So You Hit A Pothole The Size Of A Small Swimming Pool, What's The Worst That Can Happen?

The roads of America are riddled with potholes, mostly created by the forces of nature, from the torrential rains of Florida to the bitter, brutal Winters of New England. Wherever you happen to be driving, if you hit a pothole, bad things can happen to your car, beginning with the tires. 

The Potential Damage

Hitting a pothole can be scary, especially if you didn't see it coming. Furthermore, your tire(s), rims, steering, suspension, and more may be adversely affected. Even the very frame of the car is susceptible if the pothole is deep enough or your vehicle hits it with enough force. Be on the lookout for potholes following a long, hard Winter in which the roads experienced constant contractions and expansions, along with plowing from heavy equipment.

Sometimes, your tires won't immediately show you there's been damage to your vehicle; however, eventually, you may notice uneven balding on one side as a result of your alignment taking a hit from a pothole. As common and damning as these menaces of the asphalt may be, it's often challenging to hold anyone accountable for them.

The Culpable Party

Some cities and towns will reimburse drivers for damage inflicted on a vehicle as a result of their sloppy road maintenance. If you're not so fortunate as to live in one of those areas, your insurance may still cover damage directly related to the pothole (as opposed to cumulative damage done to the tires over time). Take pictures of both your car and the pothole, if you can do so safely, and give your insurer a call. No matter who ends up footing the bill, though, you need to make sure your tires are safe for you to drive on.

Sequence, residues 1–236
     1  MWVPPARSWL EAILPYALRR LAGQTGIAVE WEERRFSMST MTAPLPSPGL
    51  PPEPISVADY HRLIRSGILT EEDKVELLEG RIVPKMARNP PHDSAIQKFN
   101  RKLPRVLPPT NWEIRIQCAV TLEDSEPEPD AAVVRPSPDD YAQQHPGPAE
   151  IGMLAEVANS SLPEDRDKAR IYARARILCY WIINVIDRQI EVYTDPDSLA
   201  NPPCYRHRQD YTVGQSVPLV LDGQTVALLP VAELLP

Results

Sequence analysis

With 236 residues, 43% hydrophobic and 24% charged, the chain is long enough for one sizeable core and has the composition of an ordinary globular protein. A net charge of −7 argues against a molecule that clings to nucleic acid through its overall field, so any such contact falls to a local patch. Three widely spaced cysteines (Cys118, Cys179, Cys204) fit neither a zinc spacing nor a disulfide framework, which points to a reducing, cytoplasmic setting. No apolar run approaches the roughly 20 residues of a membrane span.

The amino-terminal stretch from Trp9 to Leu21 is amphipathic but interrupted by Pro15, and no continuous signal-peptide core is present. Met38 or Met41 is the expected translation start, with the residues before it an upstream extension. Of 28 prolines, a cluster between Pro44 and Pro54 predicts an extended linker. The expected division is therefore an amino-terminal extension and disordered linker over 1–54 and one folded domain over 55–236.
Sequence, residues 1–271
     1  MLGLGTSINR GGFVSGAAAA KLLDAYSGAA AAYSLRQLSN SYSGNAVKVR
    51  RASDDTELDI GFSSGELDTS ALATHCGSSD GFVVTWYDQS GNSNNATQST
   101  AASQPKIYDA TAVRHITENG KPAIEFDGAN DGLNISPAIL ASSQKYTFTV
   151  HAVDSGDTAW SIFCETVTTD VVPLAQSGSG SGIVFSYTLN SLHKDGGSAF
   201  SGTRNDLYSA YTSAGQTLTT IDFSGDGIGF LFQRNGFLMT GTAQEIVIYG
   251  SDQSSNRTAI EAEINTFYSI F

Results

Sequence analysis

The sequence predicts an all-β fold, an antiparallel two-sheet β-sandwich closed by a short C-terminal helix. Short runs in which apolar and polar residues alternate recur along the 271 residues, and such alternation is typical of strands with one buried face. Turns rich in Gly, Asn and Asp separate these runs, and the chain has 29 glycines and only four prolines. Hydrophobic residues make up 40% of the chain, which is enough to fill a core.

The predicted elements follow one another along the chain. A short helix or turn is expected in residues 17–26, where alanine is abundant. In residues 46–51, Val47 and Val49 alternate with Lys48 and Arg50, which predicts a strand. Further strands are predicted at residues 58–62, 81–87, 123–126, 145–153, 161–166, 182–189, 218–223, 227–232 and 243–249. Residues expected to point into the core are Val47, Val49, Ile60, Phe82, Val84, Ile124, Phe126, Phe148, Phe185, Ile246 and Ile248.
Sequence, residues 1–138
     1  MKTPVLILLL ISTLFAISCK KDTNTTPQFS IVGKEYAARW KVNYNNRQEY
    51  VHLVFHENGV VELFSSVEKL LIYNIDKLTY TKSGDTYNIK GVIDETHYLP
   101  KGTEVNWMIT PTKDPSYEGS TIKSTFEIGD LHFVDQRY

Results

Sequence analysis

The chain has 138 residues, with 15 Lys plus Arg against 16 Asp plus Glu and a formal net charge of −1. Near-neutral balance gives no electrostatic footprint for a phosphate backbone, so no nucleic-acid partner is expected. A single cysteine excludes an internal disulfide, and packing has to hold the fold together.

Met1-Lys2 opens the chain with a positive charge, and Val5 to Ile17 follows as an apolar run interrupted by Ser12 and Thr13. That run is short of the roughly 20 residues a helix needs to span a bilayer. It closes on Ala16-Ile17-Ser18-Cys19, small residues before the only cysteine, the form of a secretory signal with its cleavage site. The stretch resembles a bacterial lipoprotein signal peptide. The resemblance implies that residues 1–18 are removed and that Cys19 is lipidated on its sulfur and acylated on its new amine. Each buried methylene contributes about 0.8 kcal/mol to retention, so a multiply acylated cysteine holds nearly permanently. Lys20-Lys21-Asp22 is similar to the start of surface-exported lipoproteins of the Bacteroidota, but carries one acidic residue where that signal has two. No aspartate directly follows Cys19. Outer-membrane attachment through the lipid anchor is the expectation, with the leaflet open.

The Purveyor Of New Tires

If one or more of your tires is seriously damaged after plummeting through a pothole, or if you're not certain there's enough damage to warrant repairs, head to a tire replacement service. Explain your ordeal, asking them to either check for possible problems or verify the need for new wheels. Driving on a damaged tire can be harmful to the rest of the vehicle, especially your rims, but it's also risky for your safety, as a tire that blows out can lead to an accident. Even if your tires look fine, if the pothole was major or you really felt the car being jolted, take no chances.

Your tires are too important to act like nothing happened when they collide with a pothole, no matter how much you may wish no harm was done. Always inspect your vehicle after such a violent event and be sure to have a professional take a peek, too. Tire replacement is needed eventually for all vehicles, but it may come a lot sooner if you encounter too many perilous potholes.